Feedback Made Easier

 In Blog

I made things awkward once trying to say something nice to James Bond actor Daniel Craig. It was many years ago, but my friends still crack up at the story.

At the Tribeca Film Festival in New York City, we wandered into a premiere for Layer Cake, and the then-unknown lead actor, Mr. Craig, was in the theatre.

The film was great. After Q&A, we began filing out, and I realized that we were going to walk right past Mr. Craig. I thought he would appreciate a compliment, and I had only seconds to think of something to say.

I approached and said, “Excellent work. Very believable.” But Mr. Craig’s face expressed, “Why are you talking to me? Move along,” with a grumbled, “Thank you.”

Daniel Craig seems like a great guy in interviews. I think I made it uncomfortable stepping up to him in a crowded theatre where the unspoken rule is to give celebs space.

However, I steadfastly maintain that it was my compliment that gave Mr. Craig the confidence to play 007 so successfully.

Feedback is tough. Managers are often too time-starved to give feedback well or at all. When we receive feedback, many of us are unsure of how to receive it graciously.

In our work as coaches, we have found three key elements of good feedback.

  • Clear: Helping the recipient understand the issue is often more difficult than it seems. “Good job today” is a great example of unclear feedback.
  • Precise: Good feedback is detailed and focused on a specific action or behavior.
  • Concise: Wordy, meandering feedback is not clear or precise, and it wastes time when everyone is busy. 
  • Setting: A 60-second hallway conversation has a certain meaning, while a 5-minute office meeting carries a different meaning. A fanboy lummox trying to converse with a movie star on the red carpet is another thing.

A helpful template for delivering good feedback can be found in the 2014 book The Feedback Imperative: How To Give Everyday Feedback to Speed Up Your Team’s Success by Anna Carroll, which includes the C-O-I-N structure used by many Fortune 500 companies.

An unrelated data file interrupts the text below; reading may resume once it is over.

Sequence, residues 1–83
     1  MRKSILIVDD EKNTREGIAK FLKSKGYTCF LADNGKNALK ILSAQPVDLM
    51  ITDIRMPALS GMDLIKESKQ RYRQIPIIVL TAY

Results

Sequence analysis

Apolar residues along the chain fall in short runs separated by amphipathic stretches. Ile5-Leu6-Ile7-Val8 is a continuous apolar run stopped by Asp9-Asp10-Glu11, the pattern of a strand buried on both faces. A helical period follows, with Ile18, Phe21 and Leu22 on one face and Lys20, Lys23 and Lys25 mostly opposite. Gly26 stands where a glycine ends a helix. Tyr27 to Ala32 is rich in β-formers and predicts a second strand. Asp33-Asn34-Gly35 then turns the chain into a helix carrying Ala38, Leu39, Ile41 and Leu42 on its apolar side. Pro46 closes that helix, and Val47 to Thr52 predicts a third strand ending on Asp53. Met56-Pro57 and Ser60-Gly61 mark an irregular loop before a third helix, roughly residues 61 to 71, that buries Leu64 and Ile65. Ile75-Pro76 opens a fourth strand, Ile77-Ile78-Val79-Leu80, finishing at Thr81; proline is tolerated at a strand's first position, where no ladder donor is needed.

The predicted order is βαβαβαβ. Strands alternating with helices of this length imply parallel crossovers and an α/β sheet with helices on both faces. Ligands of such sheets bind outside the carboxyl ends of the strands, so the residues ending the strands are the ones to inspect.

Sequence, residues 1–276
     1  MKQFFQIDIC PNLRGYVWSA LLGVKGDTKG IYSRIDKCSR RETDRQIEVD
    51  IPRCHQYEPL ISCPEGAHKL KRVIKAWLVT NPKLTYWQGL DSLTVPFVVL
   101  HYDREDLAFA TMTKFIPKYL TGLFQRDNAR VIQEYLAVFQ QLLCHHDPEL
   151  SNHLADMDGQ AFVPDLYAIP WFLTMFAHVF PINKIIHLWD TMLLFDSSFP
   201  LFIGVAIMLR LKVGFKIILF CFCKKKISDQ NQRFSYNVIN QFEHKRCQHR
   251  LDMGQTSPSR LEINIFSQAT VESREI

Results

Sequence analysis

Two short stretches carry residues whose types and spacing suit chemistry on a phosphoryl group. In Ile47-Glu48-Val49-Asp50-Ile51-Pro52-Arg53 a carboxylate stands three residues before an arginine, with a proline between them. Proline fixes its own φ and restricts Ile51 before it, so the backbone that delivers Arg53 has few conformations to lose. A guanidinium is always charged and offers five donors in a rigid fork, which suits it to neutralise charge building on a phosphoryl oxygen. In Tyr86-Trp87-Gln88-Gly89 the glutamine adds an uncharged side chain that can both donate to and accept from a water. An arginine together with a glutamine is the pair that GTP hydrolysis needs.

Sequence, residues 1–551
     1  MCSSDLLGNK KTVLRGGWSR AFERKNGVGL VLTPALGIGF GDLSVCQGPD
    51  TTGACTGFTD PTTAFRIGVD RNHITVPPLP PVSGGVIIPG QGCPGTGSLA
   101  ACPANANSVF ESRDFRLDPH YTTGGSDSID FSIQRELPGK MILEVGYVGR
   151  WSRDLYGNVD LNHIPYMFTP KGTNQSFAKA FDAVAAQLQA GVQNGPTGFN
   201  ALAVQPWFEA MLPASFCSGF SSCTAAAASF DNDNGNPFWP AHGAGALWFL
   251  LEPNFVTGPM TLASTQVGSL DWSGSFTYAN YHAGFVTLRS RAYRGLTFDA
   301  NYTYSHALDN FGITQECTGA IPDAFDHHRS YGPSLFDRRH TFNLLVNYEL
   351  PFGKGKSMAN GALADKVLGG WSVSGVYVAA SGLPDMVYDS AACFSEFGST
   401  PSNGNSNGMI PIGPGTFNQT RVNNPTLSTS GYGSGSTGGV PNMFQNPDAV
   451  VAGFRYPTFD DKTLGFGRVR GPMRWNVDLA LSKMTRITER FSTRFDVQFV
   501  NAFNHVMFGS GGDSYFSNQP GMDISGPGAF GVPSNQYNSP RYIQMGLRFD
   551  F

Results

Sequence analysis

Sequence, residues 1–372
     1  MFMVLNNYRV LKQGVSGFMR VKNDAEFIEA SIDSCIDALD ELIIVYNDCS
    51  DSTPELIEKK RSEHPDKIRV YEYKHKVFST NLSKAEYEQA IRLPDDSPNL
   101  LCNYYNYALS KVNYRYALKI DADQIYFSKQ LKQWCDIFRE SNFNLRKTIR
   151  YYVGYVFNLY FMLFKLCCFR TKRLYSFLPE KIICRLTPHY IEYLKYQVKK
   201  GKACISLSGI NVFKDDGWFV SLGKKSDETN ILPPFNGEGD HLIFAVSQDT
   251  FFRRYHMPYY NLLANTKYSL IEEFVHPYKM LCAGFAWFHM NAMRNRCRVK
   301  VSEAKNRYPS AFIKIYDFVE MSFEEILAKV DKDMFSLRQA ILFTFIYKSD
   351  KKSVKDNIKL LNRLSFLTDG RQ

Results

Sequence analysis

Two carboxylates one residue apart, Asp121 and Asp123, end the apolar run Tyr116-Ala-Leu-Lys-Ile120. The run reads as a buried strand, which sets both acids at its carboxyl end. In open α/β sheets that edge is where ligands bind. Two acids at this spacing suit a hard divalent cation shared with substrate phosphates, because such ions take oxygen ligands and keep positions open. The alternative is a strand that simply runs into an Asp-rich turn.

Giving Feedback:

C-O-I-N stands for Context, Observation, Impact, and Next Steps.

Here is an example of positive feedback using the C-O-I-N framework:

C = Context 

“I was listening to your Thursday podcast, and you both commented on the AT&T mobile service outages in the news.”

O = Observation

“Great job being topical, and when you began arguing comically about how one of you ignores texts from the other, the outraged accusations and implausible denial interaction made me laugh out loud.”

I = Impact

“You took a generic topic that any show could have delivered rote from show prep, but you delivered it authentically, making it your own from your unique characters in a way that no other show could have done.  Your real-life point of view and sense of humor will create more loyal listeners.”

N = Next Steps “How could you steer future segments towards content that spurs more of that kind of memorable interaction?”

Receiving Feedback:

Use the C-O-I-N structure to make the conversation more effective for you.

C = Context

“Can you give me details on when and where this happened?”

O = Observation

“What did you notice was going on?”

I = Impact

“Help me understand why this is important and what the effect is”

N = Next Steps

“What are your suggestions for handling this situation in the future?

If you read these examples out loud, they time out to less than 60 seconds of message delivery – which leaves more time for the other person to engage and talk through the problem. Engagement is the most important part of feedback.

A good feedback conversation is planned, with words chosen carefully and often rehearsed. Then, you improvise through the discussion with empathy and listening skills – much like a great on-air segment.

Photo by Christina @ on Unsplash

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